Author: Bike Social Posted: 16 Feb 2015
“It’s a bike for throttle fiends, at the limit leans, skids, wheelies and braking – always in safety…” When Aprilia unveiled the Tuono Fighter concept bike at the Bologna Motorcycle Show in 2001 they were unashamed about who they were targeting this new breed of bike at. The world’s first super naked had arrived and when the Tuono eventually hit our streets in 2003, sportsbike riders suddenly had a new view in their mirrors - an upright bike with wide bars and a rider who was probably frothing at the mouth.
Named after the Italian word for thunder, Aprilia did something that the Japanese didn’t have the balls to do. Rather than ‘de-tune’ a sportsbike motor and stick it in a budget chassis to make an uninspiring commuter, Aprilia simply removed the fairing and fitted a pair of flat bars on their sportsbike to make a no holds barred naked. And in late 2003 they took this concept one stage further.
Where their RSV sportsbikes always had a higher specification ‘R’ version, initially the Tuono only came as a base model. While this was certainly more than bonkers enough for road riders, Aprilia had their eye on an even bigger prize and one that would certainly irritate their neighbours in Bologna.
In the early 2000's there was a prestigious naked bike race series in Italy, something that Ducati were busy dominating with their water-cooled Monster S4R. Aprilia decided it was time to create a bit of a stir and in mid-2003 launched the limited edition Tuono Racing with the sole purpose of taking the honours in this series.
Effectively the very first Tuono Factory, the Racing copied exactly the same formula that Aprilia used to great effect on its sportsbikes. Using the standard bike’s chassis, swingarm and motor (although on the Racing the frame and swingarm are painted black), Aprilia upgraded where necessary to ensure race success. The standard suspension was replaced with Ohlins units and lightweight OZ wheels and Brembo radial calipers were borrowed from the RSV-R. Then, to give it a bit of exclusivity, all the bodywork was made from carbon fibre. And it didn’t stop there, as this was a race bike, Aprilia also included a long belly pan with an oil catch tank built in, racing nose cowl and a titanium race exhaust with an ECU upgrade chip in the package. Not only did the Tuono Racing look stunning, it also sounded like thunder thanks to the horrifically loud pipe. But it wasn’t all plain sailing.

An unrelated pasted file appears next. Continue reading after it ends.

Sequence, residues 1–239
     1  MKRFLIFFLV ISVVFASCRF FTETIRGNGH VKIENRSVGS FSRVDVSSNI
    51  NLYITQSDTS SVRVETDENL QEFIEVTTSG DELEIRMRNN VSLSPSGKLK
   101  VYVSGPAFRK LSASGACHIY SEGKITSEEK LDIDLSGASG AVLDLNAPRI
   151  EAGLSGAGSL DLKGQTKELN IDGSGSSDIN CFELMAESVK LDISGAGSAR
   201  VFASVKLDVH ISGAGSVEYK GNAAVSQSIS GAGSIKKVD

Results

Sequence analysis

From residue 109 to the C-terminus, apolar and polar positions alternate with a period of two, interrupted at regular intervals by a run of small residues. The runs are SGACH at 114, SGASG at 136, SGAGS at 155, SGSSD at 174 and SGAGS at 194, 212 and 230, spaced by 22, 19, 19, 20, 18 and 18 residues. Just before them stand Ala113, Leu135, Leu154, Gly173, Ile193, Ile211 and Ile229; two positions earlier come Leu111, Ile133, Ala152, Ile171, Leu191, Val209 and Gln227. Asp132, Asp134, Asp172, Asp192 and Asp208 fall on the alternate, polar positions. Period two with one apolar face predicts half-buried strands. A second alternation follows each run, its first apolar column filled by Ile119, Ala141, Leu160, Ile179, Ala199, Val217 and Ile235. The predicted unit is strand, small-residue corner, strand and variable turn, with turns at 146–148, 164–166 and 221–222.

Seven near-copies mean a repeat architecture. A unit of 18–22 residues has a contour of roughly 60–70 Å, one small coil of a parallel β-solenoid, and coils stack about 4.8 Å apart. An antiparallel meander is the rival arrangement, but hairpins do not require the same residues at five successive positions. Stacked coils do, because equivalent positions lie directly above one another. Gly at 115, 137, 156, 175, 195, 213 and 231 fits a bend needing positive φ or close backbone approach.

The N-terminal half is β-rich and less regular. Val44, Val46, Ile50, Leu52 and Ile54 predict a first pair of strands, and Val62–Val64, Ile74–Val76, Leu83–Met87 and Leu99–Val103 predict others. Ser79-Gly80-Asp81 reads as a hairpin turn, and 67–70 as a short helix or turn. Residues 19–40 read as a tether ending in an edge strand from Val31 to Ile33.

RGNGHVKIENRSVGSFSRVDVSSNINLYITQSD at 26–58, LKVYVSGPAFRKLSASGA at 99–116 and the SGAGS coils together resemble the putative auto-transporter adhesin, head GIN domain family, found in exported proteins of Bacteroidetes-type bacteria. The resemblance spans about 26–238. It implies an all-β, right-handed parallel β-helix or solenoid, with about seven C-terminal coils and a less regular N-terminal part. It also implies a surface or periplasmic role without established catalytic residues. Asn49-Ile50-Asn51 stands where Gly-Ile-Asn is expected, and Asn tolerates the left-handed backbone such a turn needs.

The Racing may have succeeded in its goal of winning the Italian race series, but the £11,425 price tag meant sales to road riders were slow. In 2003 the whole super naked bubble hadn’t inflated and with a standard bike costing £7500, few wanted to pay nearly £4000 extra for a bit more bling. It may have been limited to just 200 units worldwide (this figure is debated), but that didn’t matter and as a result of slow sales, less than 20 made it to the UK.
Nowadays, Tuono Racings pop up for around the £5000 area, which is amazing value considering how rare the bike is. However there is a catch. A lot of Racings don’t come with the unique carbon race extras such as the belly pan and nose cowl and that seriously affects their price and complete bikes are generally in the £7000 area. If you want a proper bonkers super naked and don’t care too much about the fact it hasn’t got all the stuff it should, then snap one up and keep an eye on eBay for the bling bits. Although be prepared to face stiff competition, last time a belly pan appeared for sale it went for over £500!
|Liquid-cooled, 8v, V-Twin
|130bhp @ 9,500rpm
|81.1lb ft. @ 7,250rpm
|Original asking price:
Ask the experts:
www.apriliaperformance.co.uk - Griff at Aprilia Performance is a total Aprilia nut and even owns a Racing himself. He is the go to man in the UK for anything with an RSV motor in it.
http://tuonozone.com/ - The name says it all. A forum dedicated to Tuonos of all shapes and sizes.
Have you owned or do you own an Aprilia Tuono Racing?